Brewmaster, 2nd part

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  • On 23rd November 2013

We want to present the second part of Bar & Beer, a beer club collectable Brewmaster article, nº 12 of 2013.

Adapted by: Gruit Projects


Although the selection of herbs that was used in ancient gruit was one of the greatest brewers´ secrets, there were some of them that always were present.

JUNIPERUSJUNIPER Juniperus communis

This plant of many species and with wide expansion in the northern hemisphere is commonly associated with gin. Its dark berries are used to provide flavor and aroma for gin –its best known application- but also in beers like Finland´s Sahti. And it´s used for different kinds of meat, too.

ROSEMARY Rosmarinus officinalis

With a huge presence in Mediterranean lands – it grows in poor, arid and dry soils near the coast. This is a perennial bush with little leaves used in the kitchen to flavor stews and meals in general. It was used in beer in some countries during the Middle Ages.

LAVANDER Lavandula angustifolia

When summer is coming, the violet hues of this perennial plant cover the whole European continent. From the mint family, despite its sweet and fragrant aroma- so valued in personal care products- lavender can be deceptive and surprisingly, when we use the leaves or flowers in beer, the liquid has bitter overtones.


The historical application for excellence of this deciduous bush was its use in beer elaboration in which it gave resinous nuances and bitterness notes to alcohol. Its fragrant leaves, maximized by drying, were a suitable substitute for people who couldn´t afford the imported species.

ArtemisiaVulgarisARTEMIS Artemisia vulgaris

There are few plants whose mention evokes the time of witch hunts quite like artemis, that was used to make an infusion to add to beer. Such was the significance of this use that even the name for this plant – mugworth- derives from the fact that beer was served and drunk in a mug.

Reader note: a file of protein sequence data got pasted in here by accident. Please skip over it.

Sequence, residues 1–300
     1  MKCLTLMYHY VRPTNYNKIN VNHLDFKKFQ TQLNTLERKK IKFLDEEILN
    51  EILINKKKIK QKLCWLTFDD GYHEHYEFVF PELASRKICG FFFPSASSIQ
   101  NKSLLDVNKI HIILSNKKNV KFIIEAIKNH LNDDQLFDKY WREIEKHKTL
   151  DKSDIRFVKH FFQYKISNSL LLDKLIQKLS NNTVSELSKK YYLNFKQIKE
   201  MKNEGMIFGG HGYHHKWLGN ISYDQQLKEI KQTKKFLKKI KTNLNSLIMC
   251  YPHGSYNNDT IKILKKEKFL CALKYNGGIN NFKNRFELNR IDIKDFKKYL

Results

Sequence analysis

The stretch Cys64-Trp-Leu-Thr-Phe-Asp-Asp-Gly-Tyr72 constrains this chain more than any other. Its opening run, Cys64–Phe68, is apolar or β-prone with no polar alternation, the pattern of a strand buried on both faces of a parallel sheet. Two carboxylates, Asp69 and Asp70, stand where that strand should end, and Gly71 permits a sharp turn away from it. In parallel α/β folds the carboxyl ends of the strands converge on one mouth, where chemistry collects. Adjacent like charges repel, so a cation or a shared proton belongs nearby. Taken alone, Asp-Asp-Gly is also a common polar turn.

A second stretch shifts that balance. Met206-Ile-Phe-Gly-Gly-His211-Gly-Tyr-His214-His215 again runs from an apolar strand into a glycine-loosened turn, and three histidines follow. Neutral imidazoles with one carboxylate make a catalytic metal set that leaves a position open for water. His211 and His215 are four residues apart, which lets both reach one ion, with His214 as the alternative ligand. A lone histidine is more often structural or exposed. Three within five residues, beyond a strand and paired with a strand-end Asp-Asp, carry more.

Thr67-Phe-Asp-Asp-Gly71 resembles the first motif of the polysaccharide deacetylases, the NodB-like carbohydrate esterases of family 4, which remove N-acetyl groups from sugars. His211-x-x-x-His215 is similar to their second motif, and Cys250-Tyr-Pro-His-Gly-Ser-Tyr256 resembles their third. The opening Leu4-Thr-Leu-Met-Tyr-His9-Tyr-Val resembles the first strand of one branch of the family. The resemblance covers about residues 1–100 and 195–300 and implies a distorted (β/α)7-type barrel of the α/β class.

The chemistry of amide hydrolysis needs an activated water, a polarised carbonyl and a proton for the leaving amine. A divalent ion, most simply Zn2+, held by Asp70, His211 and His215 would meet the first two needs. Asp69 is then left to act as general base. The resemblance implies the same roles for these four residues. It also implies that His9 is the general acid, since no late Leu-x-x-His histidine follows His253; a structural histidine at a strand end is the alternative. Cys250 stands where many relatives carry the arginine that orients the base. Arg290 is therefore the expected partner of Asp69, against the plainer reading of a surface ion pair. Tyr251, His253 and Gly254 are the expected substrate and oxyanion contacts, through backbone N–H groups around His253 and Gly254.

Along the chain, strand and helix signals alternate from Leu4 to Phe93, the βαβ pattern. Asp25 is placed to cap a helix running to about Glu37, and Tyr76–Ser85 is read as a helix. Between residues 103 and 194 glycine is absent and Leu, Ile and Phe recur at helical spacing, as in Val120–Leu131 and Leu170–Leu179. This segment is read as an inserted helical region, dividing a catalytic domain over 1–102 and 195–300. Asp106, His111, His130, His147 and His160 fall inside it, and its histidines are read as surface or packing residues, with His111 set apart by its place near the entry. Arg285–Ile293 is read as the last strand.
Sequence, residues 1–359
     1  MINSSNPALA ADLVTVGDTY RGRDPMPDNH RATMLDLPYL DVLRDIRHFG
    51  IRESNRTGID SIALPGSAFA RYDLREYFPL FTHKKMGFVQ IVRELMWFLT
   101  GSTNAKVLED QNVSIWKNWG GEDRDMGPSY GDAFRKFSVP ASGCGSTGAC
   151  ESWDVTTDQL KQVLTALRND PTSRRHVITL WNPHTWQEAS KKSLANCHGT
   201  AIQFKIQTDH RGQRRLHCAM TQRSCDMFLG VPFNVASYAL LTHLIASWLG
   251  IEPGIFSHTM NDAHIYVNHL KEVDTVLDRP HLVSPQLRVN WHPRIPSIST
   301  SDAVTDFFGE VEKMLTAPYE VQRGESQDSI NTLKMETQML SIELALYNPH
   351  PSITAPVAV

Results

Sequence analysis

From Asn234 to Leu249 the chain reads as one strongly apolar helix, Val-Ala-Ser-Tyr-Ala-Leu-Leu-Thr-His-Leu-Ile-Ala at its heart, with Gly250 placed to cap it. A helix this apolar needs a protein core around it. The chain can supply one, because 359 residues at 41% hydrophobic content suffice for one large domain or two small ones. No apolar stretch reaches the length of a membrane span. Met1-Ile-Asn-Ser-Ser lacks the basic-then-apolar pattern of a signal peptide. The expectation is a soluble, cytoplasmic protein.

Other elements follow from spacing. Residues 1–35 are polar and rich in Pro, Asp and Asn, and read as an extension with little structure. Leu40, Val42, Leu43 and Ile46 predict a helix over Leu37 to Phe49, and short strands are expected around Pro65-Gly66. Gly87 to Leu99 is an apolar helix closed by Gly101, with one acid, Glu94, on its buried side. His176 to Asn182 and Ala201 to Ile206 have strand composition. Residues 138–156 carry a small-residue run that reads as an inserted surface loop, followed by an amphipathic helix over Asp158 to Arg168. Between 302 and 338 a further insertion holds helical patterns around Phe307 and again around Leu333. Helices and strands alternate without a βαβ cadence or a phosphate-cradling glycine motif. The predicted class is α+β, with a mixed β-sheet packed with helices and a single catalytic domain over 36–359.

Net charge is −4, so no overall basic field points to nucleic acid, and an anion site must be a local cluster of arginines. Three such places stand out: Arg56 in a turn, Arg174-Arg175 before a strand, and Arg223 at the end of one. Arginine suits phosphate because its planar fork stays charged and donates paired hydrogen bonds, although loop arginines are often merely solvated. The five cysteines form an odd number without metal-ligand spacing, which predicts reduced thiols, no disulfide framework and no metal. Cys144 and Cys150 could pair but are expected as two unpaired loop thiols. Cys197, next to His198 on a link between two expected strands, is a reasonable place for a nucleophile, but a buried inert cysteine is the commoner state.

WOODRUFF Asperula odorata

Growing at the edge of the forest, the union of this plant with beer still survives in Germany, where its characteristic notes serve to compensate lactic acidity of Berliner Weisse. Its leaves are used to give taste to a German drink made of a mixture of young Moselle wine with Champagne.


cinco estilos de cervezas Gruit

Gruit Blond

ORIGIN: Belgium


ALCOHOL: 5,5% Vol. Alc.

FORMAT: 33 Cl.

Golden straw colored with a good turbidity, which lets us see a fine constant bubbling. Good white foam. Cereals evolve into spices like coriander and cloves in the first moment. Then fruit scents and some honey notes appear. It is slightly acidic with silky palate. Throughout the drink spices reappear. The end is slightly resinous with a lingering bittersweet aftertaste.

Gruit Amber

ORIGIN: Belgium


ALCOHOL: 6,6% Vol. Alc.

FORMAT: 33 Cl.

Body colored between amber and light brown. It is surprisingly transparent with cream foam formation.  It has initially fruit aromas with strong caramel base. It evolves to citric like mandarin and orange. In the mouth the first carbonic reveals the sweet taste typical of malts.  Caramel notes appear without cloying. It´s fresh, with a clean finish.

Gruit Bruin

ORIGIN: Belgium


ALCOHOL: 8% Vol. Alc.

FORMAT: 33 Cl.

It is dark brown with red nuances. The foam´s color is like milky coffee with good durability. It is high turbidity and very aromatic. It has great presence of toasted malts, toffee, something chocolate and coffee, but overcoat a lot of caramel. It is pleasant in the mouth. Robust without tiring or saturating. The alcohol goes unnoticed by some inexplicable fresh notes. Lasting finish to remember.

Gruit Wit

ORIGIN: Belgium


ALCOHOL: 5% Vol. Alc.

FORMAT: 33 Cl.

It is muted gold, turbid, with white shades. Very white foam of low medium duration. Moderate effervescence. Cereal aroma with less presence of spices than we expected, given its style and construction. In the mouth there are herbs that are missing in the nose. Delicate carbonic, slightly acidic and as it couldn´t be otherwise, refreshing. The end is fairly dry.